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Broadcasting

Germany to lower broadcasting fee, despite protest

The mandatory broadcasting fee for all households in Germany is to be lowered next year, to 17 euros 50 cents per month. The decision was made by regional state premiers, despite protests among staff.

The premiers of Germany's 16 regional states decided on Thursday to lower the fee paid by householders for Germany's public broadcasting networks, starting next year. Staff councils at stations across Germany had urged premiers to keep the fee at its present level of just under 18 euros.

The cut decided by premiers meeting in Berlin was 48 cents, less than the 73 cents recommended late last year by the so-called KEF commission tasked with independently estimating what funding public stations need.

Under the German constitution, media matters are the prerogative of the regional states, the Länder.

Germany's public network - comprising the nine regional ARD stations, federal ZDF television based in Mainz, Deutschlandradio, and diverse special outlets, including online services - has a combined annual budget of 6.3 billion euros ($8.8 billion). Some 85 percent of this is sourced from fees collected.

The ARD employs 23,000 staff on salary, some part-time, plus numerous freelancers.

Stabilization aim

Announcing the decision, Rhineland Palatinate premier Malu Dreyer of the center-left Social Democrats (SPD) said reducing the fee in 2015 would allow scope to readjust Germany's collection system and keep the fee stable until 2019.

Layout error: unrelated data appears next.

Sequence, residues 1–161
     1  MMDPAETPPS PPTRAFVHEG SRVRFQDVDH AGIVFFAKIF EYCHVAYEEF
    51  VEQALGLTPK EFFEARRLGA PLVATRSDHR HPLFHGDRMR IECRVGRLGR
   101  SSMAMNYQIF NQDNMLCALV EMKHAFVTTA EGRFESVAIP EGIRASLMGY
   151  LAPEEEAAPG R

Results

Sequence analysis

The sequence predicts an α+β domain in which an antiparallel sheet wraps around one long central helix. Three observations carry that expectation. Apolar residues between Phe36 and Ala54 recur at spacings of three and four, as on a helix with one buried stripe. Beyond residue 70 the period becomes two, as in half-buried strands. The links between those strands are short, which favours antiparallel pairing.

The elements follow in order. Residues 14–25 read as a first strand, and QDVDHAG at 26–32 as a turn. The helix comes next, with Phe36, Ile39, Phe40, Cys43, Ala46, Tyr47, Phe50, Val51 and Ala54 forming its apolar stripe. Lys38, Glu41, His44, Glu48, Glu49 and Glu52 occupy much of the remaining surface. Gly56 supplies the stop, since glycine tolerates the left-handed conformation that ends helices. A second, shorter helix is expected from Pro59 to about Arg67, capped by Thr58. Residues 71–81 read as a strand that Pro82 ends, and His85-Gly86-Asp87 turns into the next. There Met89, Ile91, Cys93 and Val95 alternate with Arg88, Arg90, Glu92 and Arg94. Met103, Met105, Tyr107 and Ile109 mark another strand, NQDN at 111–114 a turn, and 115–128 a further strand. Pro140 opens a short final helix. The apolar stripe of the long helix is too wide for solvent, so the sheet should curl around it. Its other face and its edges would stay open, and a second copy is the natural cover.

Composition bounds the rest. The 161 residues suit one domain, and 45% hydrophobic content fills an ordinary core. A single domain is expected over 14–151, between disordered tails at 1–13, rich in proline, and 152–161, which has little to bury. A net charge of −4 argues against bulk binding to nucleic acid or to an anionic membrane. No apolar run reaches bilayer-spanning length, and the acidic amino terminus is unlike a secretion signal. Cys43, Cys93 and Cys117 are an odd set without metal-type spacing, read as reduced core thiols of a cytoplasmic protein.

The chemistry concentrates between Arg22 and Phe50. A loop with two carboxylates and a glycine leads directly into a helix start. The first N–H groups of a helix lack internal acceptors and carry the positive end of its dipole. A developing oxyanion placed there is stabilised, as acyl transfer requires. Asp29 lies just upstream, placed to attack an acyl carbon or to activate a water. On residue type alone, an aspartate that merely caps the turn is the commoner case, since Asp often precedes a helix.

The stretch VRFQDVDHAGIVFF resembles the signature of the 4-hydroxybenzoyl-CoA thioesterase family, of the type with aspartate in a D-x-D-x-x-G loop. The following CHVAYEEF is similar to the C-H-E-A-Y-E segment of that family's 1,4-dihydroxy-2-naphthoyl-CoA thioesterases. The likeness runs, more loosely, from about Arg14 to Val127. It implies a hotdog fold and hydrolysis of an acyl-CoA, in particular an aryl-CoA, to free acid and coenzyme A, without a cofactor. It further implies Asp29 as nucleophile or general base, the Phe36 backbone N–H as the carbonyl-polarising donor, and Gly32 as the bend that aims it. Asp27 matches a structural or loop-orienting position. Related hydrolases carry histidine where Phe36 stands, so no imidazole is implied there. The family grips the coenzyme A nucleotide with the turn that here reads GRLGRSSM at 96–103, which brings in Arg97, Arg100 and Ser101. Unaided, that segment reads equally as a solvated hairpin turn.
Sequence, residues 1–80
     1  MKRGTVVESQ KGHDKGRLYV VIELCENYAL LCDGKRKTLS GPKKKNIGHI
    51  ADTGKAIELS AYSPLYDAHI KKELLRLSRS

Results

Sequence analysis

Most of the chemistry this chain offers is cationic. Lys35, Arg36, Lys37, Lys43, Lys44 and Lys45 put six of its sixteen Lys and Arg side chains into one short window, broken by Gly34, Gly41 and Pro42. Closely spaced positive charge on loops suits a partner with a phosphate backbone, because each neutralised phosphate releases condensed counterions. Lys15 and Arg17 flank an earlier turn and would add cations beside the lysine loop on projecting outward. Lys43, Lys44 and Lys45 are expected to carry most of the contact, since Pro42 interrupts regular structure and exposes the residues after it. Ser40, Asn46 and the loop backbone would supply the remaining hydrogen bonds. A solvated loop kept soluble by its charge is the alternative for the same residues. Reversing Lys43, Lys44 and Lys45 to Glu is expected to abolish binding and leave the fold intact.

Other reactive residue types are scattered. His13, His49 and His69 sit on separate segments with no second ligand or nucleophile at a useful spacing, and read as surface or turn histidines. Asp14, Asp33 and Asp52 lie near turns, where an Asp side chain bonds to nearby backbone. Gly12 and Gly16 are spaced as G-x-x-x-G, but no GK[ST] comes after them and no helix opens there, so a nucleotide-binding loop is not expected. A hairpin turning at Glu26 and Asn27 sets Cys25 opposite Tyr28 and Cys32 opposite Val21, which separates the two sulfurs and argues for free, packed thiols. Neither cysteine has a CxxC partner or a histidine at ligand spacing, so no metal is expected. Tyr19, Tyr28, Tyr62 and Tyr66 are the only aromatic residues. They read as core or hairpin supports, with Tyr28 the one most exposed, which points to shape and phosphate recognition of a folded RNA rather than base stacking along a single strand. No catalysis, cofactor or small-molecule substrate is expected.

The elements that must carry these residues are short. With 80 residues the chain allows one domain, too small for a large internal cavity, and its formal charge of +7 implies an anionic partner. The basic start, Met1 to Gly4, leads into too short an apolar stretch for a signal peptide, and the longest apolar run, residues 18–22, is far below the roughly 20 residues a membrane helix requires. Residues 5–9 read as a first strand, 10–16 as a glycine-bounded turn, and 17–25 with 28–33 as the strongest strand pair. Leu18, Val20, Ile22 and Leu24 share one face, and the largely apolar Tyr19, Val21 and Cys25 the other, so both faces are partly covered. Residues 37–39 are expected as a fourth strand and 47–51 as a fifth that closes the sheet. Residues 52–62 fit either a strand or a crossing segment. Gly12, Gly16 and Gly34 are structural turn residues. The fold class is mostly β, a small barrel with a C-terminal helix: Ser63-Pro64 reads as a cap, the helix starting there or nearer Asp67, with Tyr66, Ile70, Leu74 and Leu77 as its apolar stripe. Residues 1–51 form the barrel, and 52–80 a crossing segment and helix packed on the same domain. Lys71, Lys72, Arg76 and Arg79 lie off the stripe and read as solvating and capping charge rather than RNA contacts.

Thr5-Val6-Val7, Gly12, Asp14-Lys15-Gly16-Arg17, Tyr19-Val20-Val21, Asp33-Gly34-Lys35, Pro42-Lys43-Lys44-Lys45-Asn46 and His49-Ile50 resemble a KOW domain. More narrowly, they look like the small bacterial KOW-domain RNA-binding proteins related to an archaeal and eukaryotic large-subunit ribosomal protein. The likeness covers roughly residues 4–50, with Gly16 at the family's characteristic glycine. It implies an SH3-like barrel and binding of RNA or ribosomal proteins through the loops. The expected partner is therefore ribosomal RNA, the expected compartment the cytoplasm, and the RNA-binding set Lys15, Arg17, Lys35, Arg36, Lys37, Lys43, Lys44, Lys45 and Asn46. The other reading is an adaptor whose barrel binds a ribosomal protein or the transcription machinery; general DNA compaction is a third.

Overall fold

Dreyer said the premiers had also discussed proposals to further reduce advertising but needed more financial "leeway" before doing away with that form of revenue. Advertising contributes to about 6 percent of the budget.

Germany's legislated broadcasting fee was changed to a mandatory per-household system in early 2013.

Previously, the fee was tied to the television receiver presumed to be in each home - a system which critics said encouraged covert viewing and radio listening, free of charge.

Private broadcasters highly dependent on advertising revenues often accuse the ARD of having an advantage.

Revenues up under new system

Last year, the KEF concluded that the new catch-all collection system for households had raked in an extra 667 million euros in fees in comparison to its original estimate when the collection method was changed.

Last week, the staff councils representing employees at the ARD stations had jointly appealed to the regional premiers not to reduce the fee, saying it would cost jobs and result in program quality declines.

Reacting on Thursday, ARD chairperson, Lutz Marmor, who is the director-general of NDR northern German public broadcasting, said the ministers' decision was a “Solomonic judgement” that gave the networks scope to pursue special projects, such as a bid to create a new channel for youth and young adults.

Evaluation missing, say critics

Opposition Left party media spokesman Harald Petzold said the premiers' decision was “false” because it was only based on a KEF estimate.

Before making what he called the "hectic" decision, the ministers should have awaited a promised evaluation of the new fee system, he said.

Reprieve for for small stations

Marmor also praised another decision made by the premiers on Thursday to readjust the ARD's internal funding allocations to better assist two small, financially struggling stations, Radio Bremen and Saarland Broadcasting.

Deutsche Welle is a 10th member of the ARD, but is directly funded by the federal Bundestag parliament and not via the broadcasting fee.

Attached to the stations in the ARD network are also orchestras, choirs and Germany's broadcasting archive based in Frankfurt and Potsdam.

ipj/jr (AFP, epd, dpa)

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